(A couple disclaimers: Had some new followers after I posted some whiskey-fueled poetry recently. Thanks for the likes and such, but, hey, I’m not always funny. And, second, “Ruined” is in quotes, because not every single bit of my life has been horrible, obviously. My original nuclear family, some friends, some strangers, and of course my little “pumpkin” have been a joy at times.)
(Oh, and one more thing: What the FUCK, WordPress/my computer/my internet provider/karma/voodoo? I turned my back on my “draft” for a minute and two-thirds of my first paragraph disappeared–I’m fixin’ to have a stroke. I’m gonna save chunks of it to a Notepad file artificially every couple minutes. I don’t know where, the fuck, it went. Pretty displeased here. 2nd time this has happened at least in my wordpress “career.” Will try to recreate.)
I hid behind a towel on the first day of swimming lessons as a kid of, maybe 5 or 6 (we didn’t throw ’em in the water at birth back then like we do now), a scared little farm kid at the local municipal pool. The pool has been remodeled a couple times since then. People don’t twist one corner of their swim towels up and hang ’em in the chain link fence any more; instead they have room to lounge on loungers, drape their family’s towels over their backpacks, keeping their sunscreen cool and their towels dry while endlessly Facebooking and texting, occasionally looking up to see if their kids are still alive. But, back in the early ’60s the deck was narrow, and if you didn’t hang your towel up high, it was gonna be a soggy blob in the backseat of Mom’s Custom 500, and you were gonna air dry. Which is pretty chilly at any temp under 88 degrees F if you’re soaking wet out in the morning breeze.
I’d like to think the high school girl lifeguard teaching little tykes to dip their heads underwater thought it was cute that I was so shy, and didn’t instead tell her friends later in the locker room or at the 3.2 bar*: “You should have seen this little fag (queer? homo? not sure what the impolite pre-PC epithet would have been back then for ‘a weenie-ass’) who hid behind his towel this morning. What a drip. Straight off the farm I guess.”
I wasn’t around many kids as a little one. My mom stayed home till I (youngest, therefore best) turned 15. The nearest neighbors were a quarter-mile each way east and west, a half-mile to the south, and 2 miles of bad road and creek/pasture lands to the north. My cousins who lived on one side, the boy who may or may not have molested us (I have no memory of any such things and didn’t quiz my sis on the details of her allegations about him before that cocksucker breast cancer stole her away at age 53; my shyness was way before and way beyond anything that he may or may not have done then), and the girl cousin, who I have a crystal-clear memory of her being a prissy, condescending cunt (I don’t just throw that word away, by the way), didn’t visit that much; they were too busy being better than us, and a few years older. We were loved, though, tremendously loved, by the sweetest mother ever to walk the Earth, and a dad who loved us but didn’t really know how to get close. So he farmed. His ass off. And Mom helped and ran the house and then went back to work and someone invented microwaves and also hamburger helper and they bought a dishwasher, and some years the crops got partly hailed out and some years the corn was 10 foot high without irrigation.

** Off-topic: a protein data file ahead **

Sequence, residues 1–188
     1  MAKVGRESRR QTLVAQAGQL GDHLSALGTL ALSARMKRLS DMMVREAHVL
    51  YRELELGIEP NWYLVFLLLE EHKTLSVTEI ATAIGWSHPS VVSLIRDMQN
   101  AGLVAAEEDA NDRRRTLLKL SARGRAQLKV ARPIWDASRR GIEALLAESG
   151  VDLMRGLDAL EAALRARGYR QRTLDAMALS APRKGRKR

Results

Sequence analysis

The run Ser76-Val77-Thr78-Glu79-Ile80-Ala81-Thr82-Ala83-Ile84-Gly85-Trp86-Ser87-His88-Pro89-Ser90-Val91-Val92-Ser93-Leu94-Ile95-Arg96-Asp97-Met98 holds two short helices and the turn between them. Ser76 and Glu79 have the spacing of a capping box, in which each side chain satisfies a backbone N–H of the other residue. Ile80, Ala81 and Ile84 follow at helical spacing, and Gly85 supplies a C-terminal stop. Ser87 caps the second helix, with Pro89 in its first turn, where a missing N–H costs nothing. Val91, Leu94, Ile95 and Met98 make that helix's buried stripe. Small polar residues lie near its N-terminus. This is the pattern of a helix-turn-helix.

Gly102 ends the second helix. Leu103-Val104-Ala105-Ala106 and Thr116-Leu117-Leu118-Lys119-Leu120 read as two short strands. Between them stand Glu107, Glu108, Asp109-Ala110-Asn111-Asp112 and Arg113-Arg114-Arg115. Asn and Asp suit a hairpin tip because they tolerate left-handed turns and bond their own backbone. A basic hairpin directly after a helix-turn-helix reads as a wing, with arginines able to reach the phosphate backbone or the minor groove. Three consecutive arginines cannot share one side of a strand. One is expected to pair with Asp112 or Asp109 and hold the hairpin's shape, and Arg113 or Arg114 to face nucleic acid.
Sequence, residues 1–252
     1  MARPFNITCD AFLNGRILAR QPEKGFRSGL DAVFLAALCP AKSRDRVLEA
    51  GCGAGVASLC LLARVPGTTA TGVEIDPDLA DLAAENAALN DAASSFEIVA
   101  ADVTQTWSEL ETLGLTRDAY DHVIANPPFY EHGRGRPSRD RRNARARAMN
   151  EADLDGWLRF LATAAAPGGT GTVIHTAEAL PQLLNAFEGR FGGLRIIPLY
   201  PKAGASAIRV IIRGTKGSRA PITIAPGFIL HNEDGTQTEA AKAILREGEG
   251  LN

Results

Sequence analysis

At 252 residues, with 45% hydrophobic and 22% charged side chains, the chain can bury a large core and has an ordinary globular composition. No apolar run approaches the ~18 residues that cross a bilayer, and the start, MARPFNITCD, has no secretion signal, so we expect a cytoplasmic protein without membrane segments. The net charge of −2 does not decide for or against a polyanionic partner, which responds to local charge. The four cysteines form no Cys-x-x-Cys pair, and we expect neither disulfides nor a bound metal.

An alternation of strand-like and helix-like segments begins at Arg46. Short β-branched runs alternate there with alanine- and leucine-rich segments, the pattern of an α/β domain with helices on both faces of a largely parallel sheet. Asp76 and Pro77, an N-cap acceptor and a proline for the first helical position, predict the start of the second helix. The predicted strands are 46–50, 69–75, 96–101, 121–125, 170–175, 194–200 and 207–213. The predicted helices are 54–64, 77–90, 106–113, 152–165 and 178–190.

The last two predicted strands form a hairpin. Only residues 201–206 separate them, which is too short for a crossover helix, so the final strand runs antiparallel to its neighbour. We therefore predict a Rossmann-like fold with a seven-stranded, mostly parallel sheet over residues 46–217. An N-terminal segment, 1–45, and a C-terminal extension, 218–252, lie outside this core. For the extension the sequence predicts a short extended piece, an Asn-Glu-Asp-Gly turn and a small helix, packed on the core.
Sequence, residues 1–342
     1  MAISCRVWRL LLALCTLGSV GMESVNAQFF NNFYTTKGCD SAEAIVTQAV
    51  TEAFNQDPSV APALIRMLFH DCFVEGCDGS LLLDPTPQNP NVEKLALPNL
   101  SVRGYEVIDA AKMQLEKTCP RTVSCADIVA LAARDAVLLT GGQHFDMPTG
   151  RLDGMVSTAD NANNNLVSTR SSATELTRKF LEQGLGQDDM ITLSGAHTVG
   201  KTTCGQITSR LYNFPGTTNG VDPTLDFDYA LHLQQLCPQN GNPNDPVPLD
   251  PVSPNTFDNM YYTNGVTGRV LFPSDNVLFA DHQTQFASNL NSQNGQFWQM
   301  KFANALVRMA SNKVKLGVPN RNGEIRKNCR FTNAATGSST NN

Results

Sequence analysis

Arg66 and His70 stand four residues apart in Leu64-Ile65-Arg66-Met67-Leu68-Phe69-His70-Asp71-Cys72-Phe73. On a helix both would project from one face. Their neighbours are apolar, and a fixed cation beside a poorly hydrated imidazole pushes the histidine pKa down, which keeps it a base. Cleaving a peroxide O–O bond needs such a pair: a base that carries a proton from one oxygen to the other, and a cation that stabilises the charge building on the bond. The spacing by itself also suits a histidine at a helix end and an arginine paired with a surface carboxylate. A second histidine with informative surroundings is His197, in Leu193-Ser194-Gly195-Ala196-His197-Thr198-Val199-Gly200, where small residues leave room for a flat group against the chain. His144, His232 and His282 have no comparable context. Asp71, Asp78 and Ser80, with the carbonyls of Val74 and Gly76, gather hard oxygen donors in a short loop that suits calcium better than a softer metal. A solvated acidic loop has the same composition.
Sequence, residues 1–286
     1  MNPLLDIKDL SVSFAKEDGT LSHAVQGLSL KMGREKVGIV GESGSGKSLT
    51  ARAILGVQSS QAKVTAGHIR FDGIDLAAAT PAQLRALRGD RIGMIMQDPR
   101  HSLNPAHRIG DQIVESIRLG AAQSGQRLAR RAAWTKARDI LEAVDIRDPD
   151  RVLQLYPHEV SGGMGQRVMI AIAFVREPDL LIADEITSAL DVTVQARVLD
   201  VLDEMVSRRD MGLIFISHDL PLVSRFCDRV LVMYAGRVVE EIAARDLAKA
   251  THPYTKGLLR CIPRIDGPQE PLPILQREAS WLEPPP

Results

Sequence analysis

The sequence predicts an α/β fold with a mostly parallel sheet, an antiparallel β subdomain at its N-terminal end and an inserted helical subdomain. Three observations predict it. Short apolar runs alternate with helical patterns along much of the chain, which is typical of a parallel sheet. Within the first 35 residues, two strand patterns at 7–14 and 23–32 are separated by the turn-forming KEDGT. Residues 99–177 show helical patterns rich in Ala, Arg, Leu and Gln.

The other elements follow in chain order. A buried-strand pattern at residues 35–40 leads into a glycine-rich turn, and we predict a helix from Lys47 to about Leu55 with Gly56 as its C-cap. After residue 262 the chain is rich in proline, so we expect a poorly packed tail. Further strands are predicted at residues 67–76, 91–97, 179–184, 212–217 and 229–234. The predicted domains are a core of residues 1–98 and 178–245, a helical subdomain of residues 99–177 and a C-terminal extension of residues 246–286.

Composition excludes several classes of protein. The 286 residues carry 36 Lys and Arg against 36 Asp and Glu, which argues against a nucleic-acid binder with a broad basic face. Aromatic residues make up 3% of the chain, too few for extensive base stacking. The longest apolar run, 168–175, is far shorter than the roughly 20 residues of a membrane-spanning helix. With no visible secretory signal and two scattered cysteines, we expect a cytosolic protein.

Enough digressing. I wasn’t around that many kids, went to country school where there were maybe 18-30 kids in a two-room schoolhouse (main room for all grades, plus a library), then to town school when it was my time to go to middle school in town, the same year they closed all the country schools so that I had to ride all the way to town with all the screamin’ little kids that I thought I was going to leave for the last few miles into town.
What did I learn by being around more kids? That most kids leave you alone, that it’s fairly easy to hide in the corner and just get everything right when called upon in class but never pipe up too much otherwise, that gym class is a nightmare if you’re extremely shy and horrifically uncoordinated. You don’t want a wet towel snapped at you, you don’t want anyone to look at you, you want to just disappear because you feel so uncomfortable being around a bunch of people. Or even a small number of people.
What did I learn from high school? That it wasn’t quite as easy to disappear, but if you tried to stay out of the way, have some laughs with little factions of kids here and there, or sat kinda in the corner, kinda by yourself and kinda by people, at games and cheered with everyone else in the stands, if you stood in the back at after-game dances, it wasn’t the worst time ever, as long as you didn’t have to be in front of too many people.